Tuesday, August 14, 2007

Day, night, and the turn of seasons: Subtleties

Usually, we think of daily and seasonal variations in terms of the lower atmosphere, since that's where "weather" happens, as we understand it. But there are important cyclical variations in the upper atmosphere associated with the daily period of the Sun and the monthly cycle of the Moon. The important physical forces driving these changes are variations of gravity and the solar ultraviolet (UV) radiation introduced earlier as the key energy source that makes the upper atmosphere thermally and chemically different from the lower atmosphere.

The strongest gravitational force affecting both oceans and air is that of the Earth. It's almost perfectly spherically symmetric in its influence, and its pulls solid earth, ocean water, and atmospheric air into almost perfect spheres (isostasis). But the Sun and the Moon also exert significant gravitational influence on the Earth - about equally, actually.* The influence manifests itself in modifying the Earth's overall motion, but also differentially, in the sense that the Moon and Sun are a little closer or a little farther away from the Earth's surface, depending on the time of day and month. It's this difference of gravitational pulls between near side and far side of the Earth (as seen respectively by the Sun and the Moon) that gives rise to ocean tides. The tides are complicated by the presence of two bodies acting with two characteristic periods: day and month.

While the ocean tides are the most obvious consequence of differential gravity (tidal forces), the solid earth and the atmosphere also experience the same differential pulls. Solid earth doesn't bend as much under the same tidal forces, but tides can influence cracks in the solid and trigger earthquakes. The atmosphere also gets pulled into a ellipsoidal (football) shape, just the like the oceans. Gravity doesn't care about the distinction of upper and lower atmosphere, and in fact, tidal variations are largest in the upper atmosphere. But there is some detectable tidal effect all the way down to the surface. We can integrate the hydrostatic equilibrium condition [slope of pressure = -density*(gravitational acceleration)] from the surface to the top (where the pressure is very small) for an atmospheric column of cross-sectional area A and mass M,
   P(surface) = P(top) + (gM/A) ,
assuming g is constant with altitude. Over the course of a day or a month, M is assumed not to change, even if the distribution of mass (given by the density as a function of altitude) does change. The resulting gravitational tidal variations in pressure are about one part in 10,000.

The Sun has another effect in this connection. Earlier, the ultraviolet part of the insolation that's captured by the upper atmosphere was treated as constant. Of course, it varies over the day and contributes an additional expansive and heating effect on the upper atmosphere. Late at night, the effect is subdued. Thus the full phenomenon of atmospheric tides is a result of tidal forces from the Sun and the Moon, with the Sun having an additional daily effect of pumping UV radiation into the upper atmosphere during daylight hours. This pressure variation is actually much larger than the gravitational effect, about 15 parts in 10,000.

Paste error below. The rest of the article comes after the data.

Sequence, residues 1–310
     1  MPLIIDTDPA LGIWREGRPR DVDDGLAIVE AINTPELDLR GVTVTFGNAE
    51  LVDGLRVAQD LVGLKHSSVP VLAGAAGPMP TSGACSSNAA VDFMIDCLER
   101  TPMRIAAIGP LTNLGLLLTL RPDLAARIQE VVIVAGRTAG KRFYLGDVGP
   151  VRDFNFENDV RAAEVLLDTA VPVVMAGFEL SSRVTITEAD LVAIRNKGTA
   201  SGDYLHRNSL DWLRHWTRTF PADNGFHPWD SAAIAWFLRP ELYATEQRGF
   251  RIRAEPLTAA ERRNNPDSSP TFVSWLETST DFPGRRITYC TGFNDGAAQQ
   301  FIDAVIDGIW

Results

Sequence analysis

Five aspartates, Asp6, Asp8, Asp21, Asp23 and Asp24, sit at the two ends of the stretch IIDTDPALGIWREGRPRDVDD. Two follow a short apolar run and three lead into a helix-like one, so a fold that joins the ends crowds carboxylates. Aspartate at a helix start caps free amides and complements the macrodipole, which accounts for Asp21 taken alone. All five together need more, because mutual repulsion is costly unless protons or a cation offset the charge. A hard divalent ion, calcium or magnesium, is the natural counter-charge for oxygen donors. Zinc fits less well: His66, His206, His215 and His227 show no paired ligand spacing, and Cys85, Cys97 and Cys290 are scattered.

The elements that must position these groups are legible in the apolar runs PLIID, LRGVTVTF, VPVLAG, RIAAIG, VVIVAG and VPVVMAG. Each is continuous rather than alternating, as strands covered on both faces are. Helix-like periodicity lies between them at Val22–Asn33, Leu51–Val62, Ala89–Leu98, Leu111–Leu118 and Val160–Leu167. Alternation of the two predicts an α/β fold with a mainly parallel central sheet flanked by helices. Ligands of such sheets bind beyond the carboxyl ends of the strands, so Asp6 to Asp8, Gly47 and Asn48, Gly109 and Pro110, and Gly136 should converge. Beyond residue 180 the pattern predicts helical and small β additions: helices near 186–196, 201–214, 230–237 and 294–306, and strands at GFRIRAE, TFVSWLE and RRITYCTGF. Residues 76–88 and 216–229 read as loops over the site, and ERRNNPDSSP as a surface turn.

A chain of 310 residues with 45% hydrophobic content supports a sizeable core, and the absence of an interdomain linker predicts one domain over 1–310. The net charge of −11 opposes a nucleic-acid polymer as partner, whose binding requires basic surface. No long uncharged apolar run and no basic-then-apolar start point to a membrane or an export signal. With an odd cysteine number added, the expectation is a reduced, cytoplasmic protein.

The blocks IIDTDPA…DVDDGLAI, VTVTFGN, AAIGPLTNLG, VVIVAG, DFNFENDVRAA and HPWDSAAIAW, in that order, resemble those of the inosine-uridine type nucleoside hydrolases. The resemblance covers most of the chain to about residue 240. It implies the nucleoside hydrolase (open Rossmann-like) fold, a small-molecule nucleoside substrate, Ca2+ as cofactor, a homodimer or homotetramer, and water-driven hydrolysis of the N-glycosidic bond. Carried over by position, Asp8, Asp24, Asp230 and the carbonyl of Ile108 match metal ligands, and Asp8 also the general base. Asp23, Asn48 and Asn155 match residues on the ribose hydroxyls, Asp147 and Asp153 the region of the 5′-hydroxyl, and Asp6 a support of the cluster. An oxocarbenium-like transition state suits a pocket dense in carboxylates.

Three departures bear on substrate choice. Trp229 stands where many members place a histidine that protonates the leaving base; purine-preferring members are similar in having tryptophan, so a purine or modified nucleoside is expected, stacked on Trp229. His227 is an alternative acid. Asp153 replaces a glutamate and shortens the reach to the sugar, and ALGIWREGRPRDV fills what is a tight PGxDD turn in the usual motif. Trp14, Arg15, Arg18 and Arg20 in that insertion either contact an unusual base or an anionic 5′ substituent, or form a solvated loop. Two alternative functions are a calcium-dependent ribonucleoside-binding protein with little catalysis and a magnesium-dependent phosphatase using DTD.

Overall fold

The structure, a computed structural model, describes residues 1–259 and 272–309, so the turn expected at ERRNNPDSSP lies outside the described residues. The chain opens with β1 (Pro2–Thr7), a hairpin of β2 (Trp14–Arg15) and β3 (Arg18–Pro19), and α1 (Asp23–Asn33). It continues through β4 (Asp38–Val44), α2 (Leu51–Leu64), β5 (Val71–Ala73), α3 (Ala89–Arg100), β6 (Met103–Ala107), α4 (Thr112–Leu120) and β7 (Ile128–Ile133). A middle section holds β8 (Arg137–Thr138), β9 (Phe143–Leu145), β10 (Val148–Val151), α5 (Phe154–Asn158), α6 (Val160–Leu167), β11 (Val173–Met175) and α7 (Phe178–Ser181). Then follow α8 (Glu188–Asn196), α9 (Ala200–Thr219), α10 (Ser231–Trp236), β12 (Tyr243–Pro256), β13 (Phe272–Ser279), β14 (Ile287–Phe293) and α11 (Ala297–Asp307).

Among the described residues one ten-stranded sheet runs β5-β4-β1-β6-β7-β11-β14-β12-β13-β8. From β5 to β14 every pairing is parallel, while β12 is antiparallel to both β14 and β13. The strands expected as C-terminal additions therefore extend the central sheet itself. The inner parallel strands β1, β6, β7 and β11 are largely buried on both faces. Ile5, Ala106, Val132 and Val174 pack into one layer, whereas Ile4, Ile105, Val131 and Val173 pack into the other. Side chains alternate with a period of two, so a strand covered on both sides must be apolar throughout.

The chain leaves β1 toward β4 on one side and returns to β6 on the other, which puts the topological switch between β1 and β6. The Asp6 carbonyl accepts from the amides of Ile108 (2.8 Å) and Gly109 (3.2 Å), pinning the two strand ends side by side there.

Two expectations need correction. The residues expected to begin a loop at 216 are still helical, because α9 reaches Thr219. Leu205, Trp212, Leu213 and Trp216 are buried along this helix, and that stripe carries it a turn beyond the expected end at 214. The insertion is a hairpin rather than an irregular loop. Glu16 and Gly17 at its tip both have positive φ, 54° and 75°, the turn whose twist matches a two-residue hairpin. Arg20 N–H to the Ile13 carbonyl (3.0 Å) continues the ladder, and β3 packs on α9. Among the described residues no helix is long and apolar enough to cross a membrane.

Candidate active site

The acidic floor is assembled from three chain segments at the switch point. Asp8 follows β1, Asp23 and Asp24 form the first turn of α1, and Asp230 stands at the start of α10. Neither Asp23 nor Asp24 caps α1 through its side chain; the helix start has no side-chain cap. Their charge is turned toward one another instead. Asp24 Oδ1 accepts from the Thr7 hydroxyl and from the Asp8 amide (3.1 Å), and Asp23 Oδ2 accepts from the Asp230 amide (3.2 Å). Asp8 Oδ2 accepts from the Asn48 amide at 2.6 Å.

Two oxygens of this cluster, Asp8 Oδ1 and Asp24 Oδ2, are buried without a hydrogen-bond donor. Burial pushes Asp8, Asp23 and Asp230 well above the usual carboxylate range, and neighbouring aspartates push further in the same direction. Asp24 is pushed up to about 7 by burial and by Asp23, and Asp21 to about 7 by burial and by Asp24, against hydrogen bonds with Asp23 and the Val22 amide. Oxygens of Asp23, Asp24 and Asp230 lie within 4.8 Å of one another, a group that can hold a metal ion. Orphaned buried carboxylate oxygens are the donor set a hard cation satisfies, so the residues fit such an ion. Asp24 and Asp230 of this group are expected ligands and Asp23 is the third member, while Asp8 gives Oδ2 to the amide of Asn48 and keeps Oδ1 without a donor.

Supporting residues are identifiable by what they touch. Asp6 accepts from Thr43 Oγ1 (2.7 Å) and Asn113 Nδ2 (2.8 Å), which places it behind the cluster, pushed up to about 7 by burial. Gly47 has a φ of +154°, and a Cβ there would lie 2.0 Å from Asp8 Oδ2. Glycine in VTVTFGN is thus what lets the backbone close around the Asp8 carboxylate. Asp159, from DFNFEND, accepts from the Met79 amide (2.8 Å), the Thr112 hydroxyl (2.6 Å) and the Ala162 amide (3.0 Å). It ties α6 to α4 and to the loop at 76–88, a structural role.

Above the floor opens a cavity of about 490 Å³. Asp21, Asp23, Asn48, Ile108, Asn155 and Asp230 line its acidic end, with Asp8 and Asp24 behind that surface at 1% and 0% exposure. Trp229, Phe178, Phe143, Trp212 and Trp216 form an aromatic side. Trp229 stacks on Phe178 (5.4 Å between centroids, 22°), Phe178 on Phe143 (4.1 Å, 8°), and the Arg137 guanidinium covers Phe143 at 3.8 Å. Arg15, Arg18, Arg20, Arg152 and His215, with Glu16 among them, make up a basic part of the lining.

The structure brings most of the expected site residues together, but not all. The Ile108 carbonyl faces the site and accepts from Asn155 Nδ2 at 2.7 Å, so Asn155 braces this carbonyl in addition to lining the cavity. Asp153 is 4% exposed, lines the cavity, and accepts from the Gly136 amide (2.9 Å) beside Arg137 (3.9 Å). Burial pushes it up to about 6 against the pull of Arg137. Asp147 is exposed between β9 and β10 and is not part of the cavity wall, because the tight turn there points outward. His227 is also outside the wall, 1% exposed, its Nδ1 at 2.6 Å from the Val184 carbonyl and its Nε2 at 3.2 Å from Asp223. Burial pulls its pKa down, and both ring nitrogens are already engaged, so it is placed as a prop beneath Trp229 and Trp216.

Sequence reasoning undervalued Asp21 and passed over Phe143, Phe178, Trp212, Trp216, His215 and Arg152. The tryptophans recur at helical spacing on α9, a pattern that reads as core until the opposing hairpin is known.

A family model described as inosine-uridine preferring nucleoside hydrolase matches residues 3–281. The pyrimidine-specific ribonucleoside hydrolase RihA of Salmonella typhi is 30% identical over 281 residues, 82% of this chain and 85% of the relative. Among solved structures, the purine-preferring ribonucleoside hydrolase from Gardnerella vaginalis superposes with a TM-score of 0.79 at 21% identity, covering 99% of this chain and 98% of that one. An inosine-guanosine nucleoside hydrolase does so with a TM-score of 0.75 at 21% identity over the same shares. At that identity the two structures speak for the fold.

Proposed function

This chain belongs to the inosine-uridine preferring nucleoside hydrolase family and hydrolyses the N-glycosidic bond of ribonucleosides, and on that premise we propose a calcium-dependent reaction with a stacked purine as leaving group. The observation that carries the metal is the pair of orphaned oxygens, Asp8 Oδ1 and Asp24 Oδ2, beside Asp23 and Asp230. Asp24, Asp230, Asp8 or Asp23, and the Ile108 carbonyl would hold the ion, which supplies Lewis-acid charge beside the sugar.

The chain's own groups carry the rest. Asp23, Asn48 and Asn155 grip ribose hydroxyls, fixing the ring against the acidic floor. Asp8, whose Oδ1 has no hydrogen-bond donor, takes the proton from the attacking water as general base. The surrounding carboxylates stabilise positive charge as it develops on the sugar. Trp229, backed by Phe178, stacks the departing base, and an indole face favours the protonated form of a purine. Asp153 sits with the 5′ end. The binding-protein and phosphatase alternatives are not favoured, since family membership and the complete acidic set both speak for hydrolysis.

The Sun's UV output is strongly modulated by another cycle so far unmentioned, the solar magnetic cycle. Unlike orbital motion, this cycle is not exactly periodic, but has a varying period ranging from 9 to 11 years. The UV effect on the Earth's upper atmosphere itself varies not only by day, but also over the heliomagnetic cycle. It's impossible to say, without a detailed understanding of heat transport in the upper atmosphere, what the parallel temperature variations will be exactly. But naively we expect a range roughly the same relative size, about 1-2 parts per 1000, or about (1-2)(300 oK)/1000 = 0.3-0.6 oC.**

The simple binary contrast of day and night might lead to the conclusion that climate is symmetric between the two. In some ways, it is. But overall, day and night are asymmetric.

The Sun is the energy source for climate. The most basic asymmetry is the difference between day and night: the presence or absence of the Sun. For half the day, light is flowing in as heat flows out; for the other half, only heat flows out.

A more subtle but important asymmetry is associated with clouds. Crudely speaking, clouds block out light by day (by upward reflection), but hold in heat at night (by absorption and downward re-emission). But they provide efficient convective upward heat transport both day and night. Overall, putting day and night together, the net effect of clouds is cooling.

Gravity is symmetric in its tidal effects between nighttime and daytimes sides of the Earth. But the UV enhancement of upper atmospheric tides happens only by day. So its impact on surface pressure and temperature is mainly a daytime effect.
* The Moon is 1/81 the mass of the Earth; the Sun is much farther away, but its much larger mass almost exactly compensates for its larger distance. The two bodies end up exerting almost equal gravitational pulls on the Earth. For that reason, the Earth-Moon system is really a double-planet system.

** The atmospheric gravitational tides are a simple prediction of Newtonian gravity and were first measured in the 19th century. But the larger solar effect was not fully understood at the time, since UV radiation was just being discovered and the nature of atomic and molecular absorption had barely been guessed at. It wasn't until the 1960s that this mystery was fully unraveled.

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